Of course, it stands to reason that reporting firms and external consultants have a vested interest in pointing out the downside of using fund administrators for help. After all, wouldn’t fund management firms know that their fund administrators are far from a silver bullet?
Based on two contracts that fund management firms provided to FinOps, the fund administrators in question did indicate explicitly they would not be responsible for any mistakes, nor were they responsible for “interpretations.” Despite these caveats, both of the fund management firms used the fund administrator services. The reason: They were convinced they could do the work based on their “prestigious brand names.” In one case, the fund management firm found several questions unanswered. In the other case, the fund management firm uncovered incorrect answers. Just how did it discover they were incorrect? It was advised by a regulator to review some of the answers to its Annex IV documentation.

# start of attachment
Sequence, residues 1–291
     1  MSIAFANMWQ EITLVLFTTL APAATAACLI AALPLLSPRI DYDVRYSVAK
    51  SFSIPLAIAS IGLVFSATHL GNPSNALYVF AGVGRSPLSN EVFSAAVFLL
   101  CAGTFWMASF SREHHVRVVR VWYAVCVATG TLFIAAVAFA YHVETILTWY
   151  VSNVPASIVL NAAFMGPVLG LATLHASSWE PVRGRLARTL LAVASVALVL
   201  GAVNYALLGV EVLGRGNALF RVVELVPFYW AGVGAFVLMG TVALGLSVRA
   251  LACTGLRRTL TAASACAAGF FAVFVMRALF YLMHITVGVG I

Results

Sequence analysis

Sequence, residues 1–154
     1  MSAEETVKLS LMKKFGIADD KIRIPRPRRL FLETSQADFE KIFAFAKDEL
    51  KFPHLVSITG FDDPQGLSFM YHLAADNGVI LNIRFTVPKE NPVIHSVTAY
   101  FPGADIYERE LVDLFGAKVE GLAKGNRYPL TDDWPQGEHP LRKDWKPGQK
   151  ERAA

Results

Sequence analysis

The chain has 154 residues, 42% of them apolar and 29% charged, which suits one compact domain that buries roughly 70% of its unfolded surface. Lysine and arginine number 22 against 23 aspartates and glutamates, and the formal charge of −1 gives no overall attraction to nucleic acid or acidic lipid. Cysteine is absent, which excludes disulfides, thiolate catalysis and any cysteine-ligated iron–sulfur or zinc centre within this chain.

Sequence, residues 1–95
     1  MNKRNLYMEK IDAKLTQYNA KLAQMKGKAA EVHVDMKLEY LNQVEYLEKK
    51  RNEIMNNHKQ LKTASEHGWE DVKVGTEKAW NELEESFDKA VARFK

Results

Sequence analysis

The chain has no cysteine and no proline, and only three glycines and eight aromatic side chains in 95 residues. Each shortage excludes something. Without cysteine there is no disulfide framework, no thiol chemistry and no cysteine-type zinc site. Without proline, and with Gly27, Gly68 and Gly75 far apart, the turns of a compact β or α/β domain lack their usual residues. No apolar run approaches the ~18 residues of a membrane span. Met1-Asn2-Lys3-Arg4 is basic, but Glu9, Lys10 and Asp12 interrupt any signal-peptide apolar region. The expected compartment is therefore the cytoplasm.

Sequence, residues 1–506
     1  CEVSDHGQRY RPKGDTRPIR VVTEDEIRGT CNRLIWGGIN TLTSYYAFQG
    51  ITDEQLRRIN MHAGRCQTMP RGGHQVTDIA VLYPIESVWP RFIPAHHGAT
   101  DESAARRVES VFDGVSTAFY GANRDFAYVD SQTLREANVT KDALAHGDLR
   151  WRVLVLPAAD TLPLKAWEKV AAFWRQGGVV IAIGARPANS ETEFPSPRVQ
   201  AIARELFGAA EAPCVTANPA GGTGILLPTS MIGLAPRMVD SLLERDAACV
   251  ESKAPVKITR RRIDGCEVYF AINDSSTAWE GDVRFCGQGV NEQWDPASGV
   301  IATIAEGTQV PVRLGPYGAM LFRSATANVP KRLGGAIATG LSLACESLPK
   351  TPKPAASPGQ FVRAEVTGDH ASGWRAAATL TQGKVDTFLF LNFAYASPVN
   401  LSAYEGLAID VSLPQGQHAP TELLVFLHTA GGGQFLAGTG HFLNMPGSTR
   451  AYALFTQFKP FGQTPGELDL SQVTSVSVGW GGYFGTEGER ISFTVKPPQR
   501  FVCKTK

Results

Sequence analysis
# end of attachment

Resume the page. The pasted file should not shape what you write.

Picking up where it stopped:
What do fund administrators have to say? Several contacted by FinOps Report were eager to describe what they offered, but didn’t want to specify their limitations. They also refused to elaborate on the generic operational workflow set up with fund manager clients to ensure accuracy on the grounds the information was “proprietary.”
Filling in the Gaps
So what should fund management firms do? For one, they shouldn’t scrap the idea of using a fund administrator for AIFMD Annex IV reporting altogether. “Fund administrators can be a good option for many funds needing assistance with risk-related regulatory reporting,” says Won. However, fund administrators should not be relied upon for interpretative guidance and in many cases are not able to assist a fund with needed risk calculations.
So what can fund administrators be best used for? For one thing, data aggregation and mapping once a fund manager is certain about the interpretations and assumptions it wants to use for AIFMD Annex IV reporting, recommends Won. It might not sound like an onerous task but it could well save the time and cost of doing it internally.